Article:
There are two potential scenarios to cover here.

  1. If the second car is not on your policy (such as a friend's). If your personal policy is a named driver policy but a friend’s policy (whose vehicle you want to drive) is not, you are eligible to drive their vehicle under the permissive use clause.
  2. If the other vehicle you want to drive is on your named driver policy. Unless there’s specific language in your policy that states otherwise, you should be able to drive any car that is covered on the policy as long as you’re a named driver.

Another important term to keep in mind when shopping for a named driver policy is "rated driver." A rated driver is the driver whose profile is being used to price the premium for that particular vehicle. 

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Can you still file a claim if a non-named driver gets into an accident?

Outside of seeking legal action, you might be out of luck. Your insurance company will argue you were aware of the limitations of your named driver policy ahead of time and thus they are not responsible. Because of instances like this, many states are passing legislation to clarify the restrictions of a named driver policy.

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RECENT QUESTIONS

Will my spouse, or myself, get the best rate for insuring our shared car?

This is an excellent question!  Insurance is very complex, so trying to find the best rate can be a challenge. In this instance with both you and your wife having clean records and being close in age, the rate shouldn't be too much different if you were to switch out who the primary driver is on your shared vehicle.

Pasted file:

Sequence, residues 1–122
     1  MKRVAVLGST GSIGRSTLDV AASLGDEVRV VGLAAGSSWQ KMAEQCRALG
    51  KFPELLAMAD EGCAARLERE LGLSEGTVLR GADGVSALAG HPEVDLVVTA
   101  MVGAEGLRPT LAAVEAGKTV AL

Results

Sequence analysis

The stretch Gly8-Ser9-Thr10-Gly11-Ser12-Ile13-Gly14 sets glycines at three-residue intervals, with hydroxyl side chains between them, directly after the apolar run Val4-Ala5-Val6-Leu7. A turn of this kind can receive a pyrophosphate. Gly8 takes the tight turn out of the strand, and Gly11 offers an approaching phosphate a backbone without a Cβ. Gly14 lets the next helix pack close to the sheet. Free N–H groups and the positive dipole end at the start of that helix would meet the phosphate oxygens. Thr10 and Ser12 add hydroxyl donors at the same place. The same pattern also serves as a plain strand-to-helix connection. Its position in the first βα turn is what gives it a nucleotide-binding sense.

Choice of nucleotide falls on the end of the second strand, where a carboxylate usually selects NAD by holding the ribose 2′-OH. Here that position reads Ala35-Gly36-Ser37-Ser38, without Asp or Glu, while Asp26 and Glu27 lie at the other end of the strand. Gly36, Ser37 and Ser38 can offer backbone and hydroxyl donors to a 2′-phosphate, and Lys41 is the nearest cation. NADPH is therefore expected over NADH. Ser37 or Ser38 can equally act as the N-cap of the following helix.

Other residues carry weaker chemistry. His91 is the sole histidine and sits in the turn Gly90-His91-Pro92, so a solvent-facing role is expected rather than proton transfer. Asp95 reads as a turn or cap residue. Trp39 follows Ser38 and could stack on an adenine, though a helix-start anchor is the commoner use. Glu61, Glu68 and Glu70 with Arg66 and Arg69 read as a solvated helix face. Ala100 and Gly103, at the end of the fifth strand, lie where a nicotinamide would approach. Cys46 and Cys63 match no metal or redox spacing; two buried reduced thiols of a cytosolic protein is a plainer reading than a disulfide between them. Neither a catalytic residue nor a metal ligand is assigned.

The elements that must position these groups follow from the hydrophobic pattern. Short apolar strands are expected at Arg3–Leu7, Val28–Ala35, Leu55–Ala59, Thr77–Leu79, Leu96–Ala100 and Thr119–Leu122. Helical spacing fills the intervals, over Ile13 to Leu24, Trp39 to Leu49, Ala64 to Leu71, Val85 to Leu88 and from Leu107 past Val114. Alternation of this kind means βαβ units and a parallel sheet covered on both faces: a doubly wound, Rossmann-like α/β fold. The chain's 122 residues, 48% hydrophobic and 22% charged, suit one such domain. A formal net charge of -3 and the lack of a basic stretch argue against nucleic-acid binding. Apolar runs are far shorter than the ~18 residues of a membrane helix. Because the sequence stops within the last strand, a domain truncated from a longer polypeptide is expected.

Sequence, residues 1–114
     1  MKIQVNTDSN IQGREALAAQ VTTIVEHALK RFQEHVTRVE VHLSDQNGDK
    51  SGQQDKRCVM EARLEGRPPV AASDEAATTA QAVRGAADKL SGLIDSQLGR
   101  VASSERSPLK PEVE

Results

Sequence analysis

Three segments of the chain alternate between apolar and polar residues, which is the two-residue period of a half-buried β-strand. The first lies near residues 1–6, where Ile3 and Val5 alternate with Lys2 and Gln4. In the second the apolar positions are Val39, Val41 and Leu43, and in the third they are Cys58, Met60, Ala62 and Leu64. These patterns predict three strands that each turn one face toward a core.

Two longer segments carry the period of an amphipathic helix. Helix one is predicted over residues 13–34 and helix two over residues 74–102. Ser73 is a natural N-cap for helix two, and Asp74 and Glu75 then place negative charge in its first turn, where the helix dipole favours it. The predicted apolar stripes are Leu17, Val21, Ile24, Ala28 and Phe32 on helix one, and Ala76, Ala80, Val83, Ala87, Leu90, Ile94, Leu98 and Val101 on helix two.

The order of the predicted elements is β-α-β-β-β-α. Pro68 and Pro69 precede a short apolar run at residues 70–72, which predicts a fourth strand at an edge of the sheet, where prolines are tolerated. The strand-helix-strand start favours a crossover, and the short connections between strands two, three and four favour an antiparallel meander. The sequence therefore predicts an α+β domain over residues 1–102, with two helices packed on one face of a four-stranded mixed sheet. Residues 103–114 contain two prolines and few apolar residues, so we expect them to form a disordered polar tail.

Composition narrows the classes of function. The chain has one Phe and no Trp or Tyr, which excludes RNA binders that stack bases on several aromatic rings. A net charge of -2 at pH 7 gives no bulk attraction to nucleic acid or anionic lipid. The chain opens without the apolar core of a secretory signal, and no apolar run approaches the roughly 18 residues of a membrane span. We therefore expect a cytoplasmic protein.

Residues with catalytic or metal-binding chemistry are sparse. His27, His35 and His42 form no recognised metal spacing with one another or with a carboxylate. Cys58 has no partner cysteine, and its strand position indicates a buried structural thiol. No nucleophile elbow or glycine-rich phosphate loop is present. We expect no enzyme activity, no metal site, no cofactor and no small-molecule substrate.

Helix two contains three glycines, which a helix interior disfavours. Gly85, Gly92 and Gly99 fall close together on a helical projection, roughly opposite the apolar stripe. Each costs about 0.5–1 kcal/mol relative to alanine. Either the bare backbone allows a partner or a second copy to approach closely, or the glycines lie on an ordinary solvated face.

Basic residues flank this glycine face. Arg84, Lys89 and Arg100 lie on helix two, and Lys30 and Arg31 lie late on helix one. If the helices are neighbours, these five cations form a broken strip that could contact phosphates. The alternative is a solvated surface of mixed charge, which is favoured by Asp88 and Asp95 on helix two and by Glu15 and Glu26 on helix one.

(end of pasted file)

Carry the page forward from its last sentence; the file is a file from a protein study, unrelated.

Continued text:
Dec 12, 2022 Saint Paul, MN

Can my insurance company add someone to my policy if they share my address?

This is an excellent question. Insurance carriers reserve the right to add anyone that they pull that has used your daughter's address for a mailing address, especially if that person shares a last name and it's where the insured vehicle is garaged for most of the time.They are typically given 30-60 days to do so.
Dec 12, 2022 New Tazeville, TN

Can I register my car in someone else's name?

The car can only be registered by the owner. If you sign the title over to someone else, they will own the car and can register the car in their name.
Jun 8, 2019 Terramuggus, CT

About The Zebra

The Zebra is not an insurance company. We publish data-backed, expert-reviewed resources to help consumers make more informed insurance decisions.

  • The Zebra’s insurance content is written and reviewed for accuracy by licensed insurance agents.
  • The Zebra’s insurance content is not subject to review or alteration by insurance companies or partners.
  • The Zebra’s editorial team operates independently of the company’s partnerships and commercialization interests, publishing unbiased information for consumer benefit.
  • The auto insurance rates published on The Zebra’s pages are based on a comprehensive analysis of car insurance pricing data, evaluating more than 83 million insurance rates from across the United States.